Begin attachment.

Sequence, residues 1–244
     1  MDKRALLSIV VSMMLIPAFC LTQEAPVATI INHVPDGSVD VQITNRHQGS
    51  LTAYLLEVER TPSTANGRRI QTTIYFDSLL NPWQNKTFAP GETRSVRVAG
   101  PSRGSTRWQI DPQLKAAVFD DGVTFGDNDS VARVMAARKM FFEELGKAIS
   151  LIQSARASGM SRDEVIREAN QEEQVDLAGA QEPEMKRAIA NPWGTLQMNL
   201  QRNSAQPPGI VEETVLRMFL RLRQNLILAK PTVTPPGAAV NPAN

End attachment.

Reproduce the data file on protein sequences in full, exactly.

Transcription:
Sequence, residues 1–244
     1  MDKRALLSIV VSMMLIPAFC LTQEAPVATI INHVPDGSVD VQITNRHQGS
    51  LTAYLLEVER TPSTANGRRI QTTIYFDSLL NPWQNKTFAP GETRSVRVAG
   101  PSRGSTRWQI DPQLKAAVFD DGVTFGDNDS VARVMAARKM FFEELGKAIS
   151  LIQSARASGM SRDEVIREAN QEEQVDLAGA QEPEMKRAIA NPWGTLQMNL
   201  QRNSAQPPGI VEETVLRMFL RLRQNLILAK PTVTPPGAAV NPAN